Conclusions

Our data demonstrated that INF-γ levels were high among AML, control and thalassaemia groups respectively. HBsAg were found in 10% and 5% of AML and thalassaemia groups, while HCVAb were found in 5% of both AML and thalassaemia groups. Further studies are needed towards possible use of immunotherapy in these diseases.

Competing interests: None declared.

References

  1. Fensterl V, Sen GC. Interferons and viral infections. BioFactors (Oxford, England), 2009, 35:14–20.
  2. Schroder K et al. Interferon-gamma: an overview of signals, mechanisms and functions. Journal of Leukocyte Biology, 2004, 75:163–189.
  3. El-Beshlawy A, Youssry I. Prevention of hemoglobinopathies in Egypt. Hemoglobin, 2009, 33(Suppl. 1):S14–S20.
  4. Moshtaghi-Kashanian GR et al. Splenectomy changes the pattern of cytokine production in beta-thalassemic patients. Cytokine, 2006, 35:253–257.
  5. Lombardi G et al. Serum levels of cytokines and soluble antigens in polytransfused patients with beta-thalassemia major: relationship to immune status. Haematologica, 1994, 79:406–412.
  6. Shfik M et al. Serum levels of cytokines in poly-transfused patients with beta-thalassemia major: relationship to splenectomy. Journal of American Science, 2011, 10:20–30.
  7. Consolini R et al. Immunological evaluation of patients with beta-thalassemia major. Acta Haematologica, 2001, 105:7–12.
  8. Ersvaer E et al. Effects of interferon gamma on native human acute myelogenous leukemia cells. Cancer Immunology and Immunotherapy, 2007, 56(1):13–24.
  9. Ikeda H, Old LJ, Schreiber RD. The roles of IFNγ in protection against tumor development and cancer immunoediting. Cytokine and Growth Factor Reviews, 2002, 13:95–109.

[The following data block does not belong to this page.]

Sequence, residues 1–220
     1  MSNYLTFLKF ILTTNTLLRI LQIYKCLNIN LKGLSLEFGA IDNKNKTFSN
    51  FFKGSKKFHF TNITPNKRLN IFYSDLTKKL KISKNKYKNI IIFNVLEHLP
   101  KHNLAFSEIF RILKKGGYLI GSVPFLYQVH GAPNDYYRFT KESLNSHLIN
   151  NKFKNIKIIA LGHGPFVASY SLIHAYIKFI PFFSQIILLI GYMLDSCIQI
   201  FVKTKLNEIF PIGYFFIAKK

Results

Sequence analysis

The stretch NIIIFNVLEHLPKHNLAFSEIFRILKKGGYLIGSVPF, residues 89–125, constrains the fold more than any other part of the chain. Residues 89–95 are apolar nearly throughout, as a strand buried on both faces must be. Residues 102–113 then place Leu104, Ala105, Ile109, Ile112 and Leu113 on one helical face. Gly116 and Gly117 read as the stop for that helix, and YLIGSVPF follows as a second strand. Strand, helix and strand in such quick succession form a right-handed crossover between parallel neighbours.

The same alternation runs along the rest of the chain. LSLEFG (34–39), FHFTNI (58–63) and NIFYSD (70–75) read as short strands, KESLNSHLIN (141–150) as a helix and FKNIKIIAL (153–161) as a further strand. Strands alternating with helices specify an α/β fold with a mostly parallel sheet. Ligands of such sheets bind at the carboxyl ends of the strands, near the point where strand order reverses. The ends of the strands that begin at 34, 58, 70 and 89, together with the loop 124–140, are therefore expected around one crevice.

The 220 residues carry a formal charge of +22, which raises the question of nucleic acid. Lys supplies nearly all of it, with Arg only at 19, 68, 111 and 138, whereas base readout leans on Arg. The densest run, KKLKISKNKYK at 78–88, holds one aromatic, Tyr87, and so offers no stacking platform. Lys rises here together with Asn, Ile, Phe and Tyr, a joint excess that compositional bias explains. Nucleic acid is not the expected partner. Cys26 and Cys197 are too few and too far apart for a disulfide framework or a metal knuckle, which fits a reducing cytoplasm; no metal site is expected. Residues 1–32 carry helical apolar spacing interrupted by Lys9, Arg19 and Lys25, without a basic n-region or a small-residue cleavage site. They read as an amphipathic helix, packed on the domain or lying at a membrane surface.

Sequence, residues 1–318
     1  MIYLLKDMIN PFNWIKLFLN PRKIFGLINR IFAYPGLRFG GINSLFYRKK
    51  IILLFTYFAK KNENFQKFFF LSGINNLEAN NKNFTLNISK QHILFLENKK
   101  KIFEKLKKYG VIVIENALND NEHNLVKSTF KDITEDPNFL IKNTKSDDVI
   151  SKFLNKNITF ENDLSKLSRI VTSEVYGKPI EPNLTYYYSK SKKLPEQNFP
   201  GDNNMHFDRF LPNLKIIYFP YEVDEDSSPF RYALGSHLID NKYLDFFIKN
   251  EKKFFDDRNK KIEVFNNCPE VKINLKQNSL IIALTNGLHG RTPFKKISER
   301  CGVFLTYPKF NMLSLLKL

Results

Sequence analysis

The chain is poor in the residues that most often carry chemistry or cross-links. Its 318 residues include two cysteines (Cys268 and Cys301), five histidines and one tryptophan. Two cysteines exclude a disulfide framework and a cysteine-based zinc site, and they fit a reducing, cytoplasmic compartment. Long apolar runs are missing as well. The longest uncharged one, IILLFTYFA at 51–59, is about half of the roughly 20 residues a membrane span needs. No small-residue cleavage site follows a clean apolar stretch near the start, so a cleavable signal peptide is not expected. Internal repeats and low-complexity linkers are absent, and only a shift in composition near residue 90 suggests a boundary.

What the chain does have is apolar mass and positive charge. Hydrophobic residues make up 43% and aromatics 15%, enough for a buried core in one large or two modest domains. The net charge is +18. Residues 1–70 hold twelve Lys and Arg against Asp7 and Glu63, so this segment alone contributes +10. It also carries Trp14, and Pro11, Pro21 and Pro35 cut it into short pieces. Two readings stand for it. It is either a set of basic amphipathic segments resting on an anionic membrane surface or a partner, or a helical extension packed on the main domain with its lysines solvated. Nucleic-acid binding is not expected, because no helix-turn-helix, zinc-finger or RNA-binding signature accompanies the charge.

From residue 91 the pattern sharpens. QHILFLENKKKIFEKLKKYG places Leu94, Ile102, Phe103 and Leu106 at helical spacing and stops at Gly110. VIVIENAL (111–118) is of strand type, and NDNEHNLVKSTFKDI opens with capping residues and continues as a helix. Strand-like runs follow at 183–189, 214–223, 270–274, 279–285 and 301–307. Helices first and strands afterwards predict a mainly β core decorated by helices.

10. Acute leukemias in adult. In: Maza GG, ed. Manual of clinical hematology, 3rd ed. Philadelphia, Lippincott, Williams and Wilkins 2002, 20:214–227.
  11. Morsi MG, Atta HY, Rabie AK. Comparative study of different test systems of measuring cytokine production among tuberculous and healthy persons. Egyptian Journal of Immunology, 1998, 5:153–162.
  12. O’Neill LAJ, Bowie A. Interleukin protocols. Methods in molecular medicine series, Volume 60. New York, Springer, 2001, 60:3–15.
  13. Valentine-Thon E et al. European proficiency testing program for molecular detection and quantitation of hepatitis B virus DNA. Journal of Clinical Microbiology, 2001, 39:4407–4412.
  14. Tobler LH et al. Impact of HCV 3.0 EIA relative to HCV 2.0 EIA on blood-donor screening. Transfusion, 2005, 43:1452–1459.
  15. Bruserud Ø et al. Serum levels of adhesion molecules and cytokines in patients with acute leukaemia. Leukemia and Lymphoma, 1996, 23:423–430.
  16. Gharagozloo M, Karimi M, Amirghofran Z. Double-faced cell-mediated immunity in beta-thalassemia major: stimulated phenotype versus suppressed activity. Annals of Hematology, 2009, 88:21–27.